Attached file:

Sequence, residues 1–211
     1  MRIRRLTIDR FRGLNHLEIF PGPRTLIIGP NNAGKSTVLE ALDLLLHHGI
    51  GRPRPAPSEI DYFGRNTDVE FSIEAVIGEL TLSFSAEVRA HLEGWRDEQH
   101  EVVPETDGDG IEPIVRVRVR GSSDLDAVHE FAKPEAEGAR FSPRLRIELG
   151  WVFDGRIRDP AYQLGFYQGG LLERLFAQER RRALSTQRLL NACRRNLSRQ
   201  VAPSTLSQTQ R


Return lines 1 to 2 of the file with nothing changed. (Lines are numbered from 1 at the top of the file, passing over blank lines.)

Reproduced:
Sequence, residues 1–211
     1  MRIRRLTIDR FRGLNHLEIF PGPRTLIIGP NNAGKSTVLE ALDLLLHHGI